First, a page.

Coming clean This is a must for applicants seeking money-handling positions. Ask the applicant, "If I could take a look at your criminal record, what would it show?" The applicant who never has been convicted of a crime will tell you without hesitation. Applicants who hesitate usually have something to hide.

An applicant who admits a recent conviction will be willing to discuss the circumstances in detail and should be asked to do so. If the applicant claims to have a clean record, ask for a copy of his or her record from the local police. Offer reimbursement for the fee. The Freedom of Information Act gives us all the right to obtain a copy of our criminal records for a small fee. Applicants who have criminal records seldom return when sent to obtain copies of them.

Still the best policy The case for written honesty tests is strong. Research shows that honesty tests can drastically reduce employee theft because they uncover applicants' shortcomings in several important areas. Information about work history, substance abuse, work attitudes and customer service attitudes also are provided by many of these tests.

These tests tactfully ask the tough but necessary questions difficult to ask in interviews. These tests also help ensure that no critical information areas are overlooked.

The applicant who never has been convicted of a crime will tell you without hesitation. Applicants who hesitate usually have something to hide.

The more you know about employee theft, the less likely your company will be victimized by it. To assess your awareness and vulnerability, decide if each statement below is true or false. Then turn the page to check your answers.

1. Employee theft costs American business about $900 million per year.

2. Once a thief, always a thief.

3. Employee theft costs retail stores more than shoplifting does.

4. About one-third of all small-business failures are caused by employee theft.

5. Most workers who steal stop stealing on their own because they feel guilty.

6. Most workers who steal do so because of need.

7. Employees can be taught not to steal from their employers.

8. Most job applicants answer the questions on employment applications truthfully.

9. Physical measures such as alarms, locks and cameras are the best way to deter employee theft.

10. Criminal record checks are a foolproof method for deterring employee theft.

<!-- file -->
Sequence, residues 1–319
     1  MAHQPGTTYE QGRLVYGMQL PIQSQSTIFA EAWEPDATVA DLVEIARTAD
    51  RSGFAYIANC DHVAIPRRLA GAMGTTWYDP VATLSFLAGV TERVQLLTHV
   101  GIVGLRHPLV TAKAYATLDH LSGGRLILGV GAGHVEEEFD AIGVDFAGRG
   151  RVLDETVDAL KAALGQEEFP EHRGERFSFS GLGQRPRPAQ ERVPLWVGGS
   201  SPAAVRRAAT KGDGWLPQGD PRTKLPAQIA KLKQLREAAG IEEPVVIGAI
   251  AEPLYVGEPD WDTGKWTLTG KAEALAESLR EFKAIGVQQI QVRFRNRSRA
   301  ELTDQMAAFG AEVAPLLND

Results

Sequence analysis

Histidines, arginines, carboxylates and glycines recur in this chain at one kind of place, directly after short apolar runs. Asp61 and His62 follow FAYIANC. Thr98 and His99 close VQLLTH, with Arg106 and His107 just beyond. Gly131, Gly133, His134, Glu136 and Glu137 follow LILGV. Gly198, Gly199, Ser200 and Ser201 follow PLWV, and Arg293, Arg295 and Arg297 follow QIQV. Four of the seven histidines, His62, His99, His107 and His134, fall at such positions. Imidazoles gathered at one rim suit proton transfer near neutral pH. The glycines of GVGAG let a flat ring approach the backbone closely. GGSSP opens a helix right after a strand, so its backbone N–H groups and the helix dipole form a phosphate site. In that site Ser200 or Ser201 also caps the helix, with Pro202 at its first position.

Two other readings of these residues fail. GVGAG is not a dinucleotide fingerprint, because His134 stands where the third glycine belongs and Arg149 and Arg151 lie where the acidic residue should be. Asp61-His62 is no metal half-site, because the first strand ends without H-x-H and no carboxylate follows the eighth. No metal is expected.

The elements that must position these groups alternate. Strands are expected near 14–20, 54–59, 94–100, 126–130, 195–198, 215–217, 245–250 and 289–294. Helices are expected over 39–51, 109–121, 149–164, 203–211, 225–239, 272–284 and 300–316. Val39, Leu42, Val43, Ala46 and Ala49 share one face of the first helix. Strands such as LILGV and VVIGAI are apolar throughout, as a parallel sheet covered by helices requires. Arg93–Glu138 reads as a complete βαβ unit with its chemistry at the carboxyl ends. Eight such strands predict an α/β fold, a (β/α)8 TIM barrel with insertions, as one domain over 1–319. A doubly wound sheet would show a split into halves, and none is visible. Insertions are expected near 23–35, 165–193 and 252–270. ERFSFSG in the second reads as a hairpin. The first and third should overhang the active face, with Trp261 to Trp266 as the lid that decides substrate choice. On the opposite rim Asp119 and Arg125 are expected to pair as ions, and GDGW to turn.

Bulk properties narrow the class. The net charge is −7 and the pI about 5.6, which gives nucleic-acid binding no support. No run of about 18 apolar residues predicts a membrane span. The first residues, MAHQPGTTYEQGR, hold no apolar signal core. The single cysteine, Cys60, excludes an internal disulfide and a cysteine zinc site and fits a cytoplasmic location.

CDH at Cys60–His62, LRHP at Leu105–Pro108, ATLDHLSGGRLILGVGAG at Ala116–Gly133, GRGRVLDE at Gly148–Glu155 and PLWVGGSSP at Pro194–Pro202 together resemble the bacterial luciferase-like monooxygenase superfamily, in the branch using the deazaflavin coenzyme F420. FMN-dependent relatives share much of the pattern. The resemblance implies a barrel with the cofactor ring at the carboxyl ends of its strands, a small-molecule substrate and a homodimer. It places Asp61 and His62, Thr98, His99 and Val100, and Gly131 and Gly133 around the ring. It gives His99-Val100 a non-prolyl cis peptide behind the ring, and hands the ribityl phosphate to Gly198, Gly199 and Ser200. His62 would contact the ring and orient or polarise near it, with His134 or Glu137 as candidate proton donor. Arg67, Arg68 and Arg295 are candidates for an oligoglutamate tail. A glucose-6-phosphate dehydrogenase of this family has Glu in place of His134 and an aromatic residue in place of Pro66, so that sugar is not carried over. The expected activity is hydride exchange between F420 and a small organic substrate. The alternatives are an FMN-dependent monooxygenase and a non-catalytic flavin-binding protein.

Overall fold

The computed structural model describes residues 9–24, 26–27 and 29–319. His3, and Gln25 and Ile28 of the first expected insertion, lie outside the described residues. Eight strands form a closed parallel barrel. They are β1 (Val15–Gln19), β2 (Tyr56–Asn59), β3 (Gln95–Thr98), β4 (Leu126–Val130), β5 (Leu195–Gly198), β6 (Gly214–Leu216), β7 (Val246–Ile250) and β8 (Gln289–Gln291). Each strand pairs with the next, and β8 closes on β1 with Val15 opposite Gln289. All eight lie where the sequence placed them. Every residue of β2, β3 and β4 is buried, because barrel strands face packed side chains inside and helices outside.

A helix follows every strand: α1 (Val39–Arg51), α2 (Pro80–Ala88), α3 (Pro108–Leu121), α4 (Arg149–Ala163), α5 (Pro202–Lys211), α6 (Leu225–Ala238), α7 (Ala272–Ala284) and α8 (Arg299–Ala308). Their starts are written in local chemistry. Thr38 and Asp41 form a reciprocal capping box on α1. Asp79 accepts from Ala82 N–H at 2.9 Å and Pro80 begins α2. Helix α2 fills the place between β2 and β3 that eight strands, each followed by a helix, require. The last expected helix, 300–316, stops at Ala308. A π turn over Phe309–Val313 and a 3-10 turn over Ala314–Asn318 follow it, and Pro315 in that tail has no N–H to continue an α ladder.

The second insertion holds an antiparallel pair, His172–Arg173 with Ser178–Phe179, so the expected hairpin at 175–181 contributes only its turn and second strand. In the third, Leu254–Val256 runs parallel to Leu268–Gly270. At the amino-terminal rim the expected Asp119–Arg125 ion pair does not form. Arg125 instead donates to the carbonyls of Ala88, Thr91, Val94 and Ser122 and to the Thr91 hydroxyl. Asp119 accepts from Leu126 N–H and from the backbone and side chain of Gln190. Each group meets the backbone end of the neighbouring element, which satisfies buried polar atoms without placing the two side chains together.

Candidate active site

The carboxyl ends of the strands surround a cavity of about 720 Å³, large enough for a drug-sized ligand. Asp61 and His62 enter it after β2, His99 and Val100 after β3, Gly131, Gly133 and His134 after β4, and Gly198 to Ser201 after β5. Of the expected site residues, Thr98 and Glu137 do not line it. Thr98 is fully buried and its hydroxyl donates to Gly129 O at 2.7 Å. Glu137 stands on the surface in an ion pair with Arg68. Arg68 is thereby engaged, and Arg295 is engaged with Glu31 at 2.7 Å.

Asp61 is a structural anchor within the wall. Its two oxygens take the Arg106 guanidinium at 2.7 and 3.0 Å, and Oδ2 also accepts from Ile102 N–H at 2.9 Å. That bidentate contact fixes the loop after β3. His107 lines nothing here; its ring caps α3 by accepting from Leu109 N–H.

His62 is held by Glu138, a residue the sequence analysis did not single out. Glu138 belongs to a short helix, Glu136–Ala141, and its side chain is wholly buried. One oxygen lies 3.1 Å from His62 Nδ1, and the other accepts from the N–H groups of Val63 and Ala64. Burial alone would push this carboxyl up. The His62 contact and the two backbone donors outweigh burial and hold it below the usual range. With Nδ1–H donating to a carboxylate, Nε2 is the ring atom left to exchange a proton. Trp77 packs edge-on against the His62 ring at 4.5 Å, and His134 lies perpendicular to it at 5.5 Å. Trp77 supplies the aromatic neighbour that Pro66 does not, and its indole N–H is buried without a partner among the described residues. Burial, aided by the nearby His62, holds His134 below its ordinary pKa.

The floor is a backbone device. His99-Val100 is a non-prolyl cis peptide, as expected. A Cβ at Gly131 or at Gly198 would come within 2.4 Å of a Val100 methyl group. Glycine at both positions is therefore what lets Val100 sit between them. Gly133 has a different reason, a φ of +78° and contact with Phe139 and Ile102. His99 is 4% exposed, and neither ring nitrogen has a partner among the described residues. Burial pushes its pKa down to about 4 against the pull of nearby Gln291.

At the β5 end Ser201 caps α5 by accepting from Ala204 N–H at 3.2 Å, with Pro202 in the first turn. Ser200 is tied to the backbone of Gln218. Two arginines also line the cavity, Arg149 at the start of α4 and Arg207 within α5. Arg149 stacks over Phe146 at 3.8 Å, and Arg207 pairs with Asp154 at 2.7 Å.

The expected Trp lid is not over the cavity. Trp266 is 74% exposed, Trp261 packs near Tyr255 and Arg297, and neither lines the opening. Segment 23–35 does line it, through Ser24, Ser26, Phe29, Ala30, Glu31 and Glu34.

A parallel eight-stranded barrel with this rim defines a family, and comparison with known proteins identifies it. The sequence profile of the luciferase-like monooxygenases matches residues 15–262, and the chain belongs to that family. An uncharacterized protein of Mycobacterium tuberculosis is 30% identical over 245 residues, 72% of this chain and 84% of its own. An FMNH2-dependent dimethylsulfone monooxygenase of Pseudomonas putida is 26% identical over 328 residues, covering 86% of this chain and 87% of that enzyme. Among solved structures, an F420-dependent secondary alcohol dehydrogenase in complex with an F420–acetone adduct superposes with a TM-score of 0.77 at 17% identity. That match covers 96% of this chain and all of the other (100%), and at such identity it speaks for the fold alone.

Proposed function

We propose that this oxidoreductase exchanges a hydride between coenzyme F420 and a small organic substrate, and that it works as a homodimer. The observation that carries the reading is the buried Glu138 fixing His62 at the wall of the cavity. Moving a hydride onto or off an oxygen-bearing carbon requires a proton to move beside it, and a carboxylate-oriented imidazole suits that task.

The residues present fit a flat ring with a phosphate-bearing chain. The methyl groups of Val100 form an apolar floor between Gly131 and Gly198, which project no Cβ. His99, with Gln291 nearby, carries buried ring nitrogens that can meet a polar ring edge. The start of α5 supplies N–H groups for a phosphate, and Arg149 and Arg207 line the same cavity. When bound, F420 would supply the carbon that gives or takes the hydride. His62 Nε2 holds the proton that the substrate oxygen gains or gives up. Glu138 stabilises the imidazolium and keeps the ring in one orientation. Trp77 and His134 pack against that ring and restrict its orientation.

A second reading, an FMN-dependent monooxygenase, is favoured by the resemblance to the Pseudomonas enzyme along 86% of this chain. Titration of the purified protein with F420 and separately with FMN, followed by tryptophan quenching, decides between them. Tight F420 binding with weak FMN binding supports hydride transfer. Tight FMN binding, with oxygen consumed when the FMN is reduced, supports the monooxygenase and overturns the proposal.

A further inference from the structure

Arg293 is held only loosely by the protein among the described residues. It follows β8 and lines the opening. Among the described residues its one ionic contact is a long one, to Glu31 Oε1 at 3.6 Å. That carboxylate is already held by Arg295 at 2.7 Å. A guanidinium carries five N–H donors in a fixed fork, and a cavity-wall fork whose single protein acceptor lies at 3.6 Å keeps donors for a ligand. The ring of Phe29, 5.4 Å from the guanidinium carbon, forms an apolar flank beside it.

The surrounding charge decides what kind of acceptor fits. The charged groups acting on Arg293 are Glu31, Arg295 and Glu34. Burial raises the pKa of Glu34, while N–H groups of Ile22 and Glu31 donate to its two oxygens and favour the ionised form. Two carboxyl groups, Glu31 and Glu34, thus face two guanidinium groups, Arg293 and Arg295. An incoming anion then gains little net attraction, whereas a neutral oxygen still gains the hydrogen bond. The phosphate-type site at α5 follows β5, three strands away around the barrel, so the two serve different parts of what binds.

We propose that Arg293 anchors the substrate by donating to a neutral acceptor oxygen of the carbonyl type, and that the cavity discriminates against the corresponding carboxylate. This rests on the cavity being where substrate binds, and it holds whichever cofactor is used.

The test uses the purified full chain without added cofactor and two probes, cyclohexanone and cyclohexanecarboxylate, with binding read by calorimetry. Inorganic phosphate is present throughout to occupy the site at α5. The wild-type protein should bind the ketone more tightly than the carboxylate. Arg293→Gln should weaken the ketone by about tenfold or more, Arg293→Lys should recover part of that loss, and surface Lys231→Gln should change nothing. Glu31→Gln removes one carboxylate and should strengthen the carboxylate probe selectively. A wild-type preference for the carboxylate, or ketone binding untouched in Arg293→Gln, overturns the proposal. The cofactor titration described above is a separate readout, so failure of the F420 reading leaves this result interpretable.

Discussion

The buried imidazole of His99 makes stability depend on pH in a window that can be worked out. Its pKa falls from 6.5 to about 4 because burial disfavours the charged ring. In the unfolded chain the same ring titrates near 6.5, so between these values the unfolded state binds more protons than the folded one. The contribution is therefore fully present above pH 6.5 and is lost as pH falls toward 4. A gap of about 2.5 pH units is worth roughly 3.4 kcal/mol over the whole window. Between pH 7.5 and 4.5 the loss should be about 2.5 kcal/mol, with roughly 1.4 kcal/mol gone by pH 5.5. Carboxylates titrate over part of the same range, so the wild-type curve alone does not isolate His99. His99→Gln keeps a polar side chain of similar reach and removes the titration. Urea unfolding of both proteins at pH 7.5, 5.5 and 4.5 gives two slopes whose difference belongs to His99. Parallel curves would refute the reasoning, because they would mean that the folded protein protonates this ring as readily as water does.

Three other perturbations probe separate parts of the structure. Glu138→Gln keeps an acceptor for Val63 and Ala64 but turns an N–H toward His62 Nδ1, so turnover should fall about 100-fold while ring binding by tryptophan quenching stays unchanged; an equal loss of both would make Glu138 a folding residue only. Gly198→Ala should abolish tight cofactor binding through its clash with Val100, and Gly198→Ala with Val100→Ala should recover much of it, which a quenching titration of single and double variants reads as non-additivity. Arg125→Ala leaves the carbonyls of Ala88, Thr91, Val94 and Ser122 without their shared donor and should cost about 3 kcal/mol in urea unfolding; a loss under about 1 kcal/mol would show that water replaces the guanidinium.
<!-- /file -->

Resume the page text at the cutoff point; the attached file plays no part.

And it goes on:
11. Illegal drug users are more likely to steal from their employers than nonusers are.

12. Employees who steal from their jobs frequently view themselves as victims of unfair treatment.

13. New employees are more likely to steal than long-term employees.

14. An employee caught stealing from work usually won't steal again if given a second chance.

15. The most important theft deterrent is a secure safe.

16. Employees steal more from banks than armed robbers do.

17. A job applicant's likelihood of stealing from your company can be discovered before he or she is hired.

Answers 1. False. Informed estimates place the annual cost of employee theft at $40 billion to $200 billion.

2. False. Children who steal usually stop before they reach adulthood. Adults steal less as they age.

3. True. Employees out-steal shoplifters in almost every instance.

4. True. Employee theft is the second-leading cause of small-business failure.

5. True. Employees who continue to steal do so until they are caught or fear they will be caught. Then they quit without notice.

6. False. Greed is the biggest cause of employee theft.

7. True. Companies that orient new employees about the consequences of stealing report less theft.

8. False. The most common suspicious responses are omitting jobs and falsifying reasons for leaving jobs.

9. False. Pre-employment screening is the most effective (and least expensive) theft deterrent.

10. False. Most employees who steal are never caught. Of those who are caught, few are prosecuted. Of the few prosecuted, many are not convicted.

11. True. Willingness to take risks and disregard for the law characterize drug users and thieves.

12. True. Perceiving oneself as being overworked, underpaid or underappreciated helps rationalize stealing.

13. True. New employees steal more often because they have less to lose if caught. Fewer experienced employees steal, but those who steal take more per capita than their newer counterparts.

14. False. A dishonest employee thinks the employer who gives a second chance is a chump and will prove it by stealing again.

15. False. It's the cash register. The oldest security device is still the best.

16. True. Bank employees - 84 percent. Bank robbers - 16 percent.

17. True. Written honesty tests accurately predict an applicant's propensity to steal.